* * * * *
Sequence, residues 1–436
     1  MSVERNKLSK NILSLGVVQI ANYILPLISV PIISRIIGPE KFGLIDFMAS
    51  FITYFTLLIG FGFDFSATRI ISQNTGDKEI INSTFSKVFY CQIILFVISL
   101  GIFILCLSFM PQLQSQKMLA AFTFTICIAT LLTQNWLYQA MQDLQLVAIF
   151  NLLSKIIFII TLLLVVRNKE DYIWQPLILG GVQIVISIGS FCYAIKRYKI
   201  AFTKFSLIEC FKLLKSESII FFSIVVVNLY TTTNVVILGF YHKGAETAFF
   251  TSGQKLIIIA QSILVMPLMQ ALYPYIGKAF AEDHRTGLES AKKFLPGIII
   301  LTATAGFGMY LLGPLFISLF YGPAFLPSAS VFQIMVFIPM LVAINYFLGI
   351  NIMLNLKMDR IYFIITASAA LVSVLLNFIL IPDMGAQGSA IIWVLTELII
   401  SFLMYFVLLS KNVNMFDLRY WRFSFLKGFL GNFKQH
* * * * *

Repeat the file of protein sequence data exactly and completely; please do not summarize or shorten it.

Sequence, residues 1–436
     1  MSVERNKLSK NILSLGVVQI ANYILPLISV PIISRIIGPE KFGLIDFMAS
    51  FITYFTLLIG FGFDFSATRI ISQNTGDKEI INSTFSKVFY CQIILFVISL
   101  GIFILCLSFM PQLQSQKMLA AFTFTICIAT LLTQNWLYQA MQDLQLVAIF
   151  NLLSKIIFII TLLLVVRNKE DYIWQPLILG GVQIVISIGS FCYAIKRYKI
   201  AFTKFSLIEC FKLLKSESII FFSIVVVNLY TTTNVVILGF YHKGAETAFF
   251  TSGQKLIIIA QSILVMPLMQ ALYPYIGKAF AEDHRTGLES AKKFLPGIII
   301  LTATAGFGMY LLGPLFISLF YGPAFLPSAS VFQIMVFIPM LVAINYFLGI
   351  NIMLNLKMDR IYFIITASAA LVSVLLNFIL IPDMGAQGSA IIWVLTELII
   401  SFLMYFVLLS KNVNMFDLRY WRFSFLKGFL GNFKQH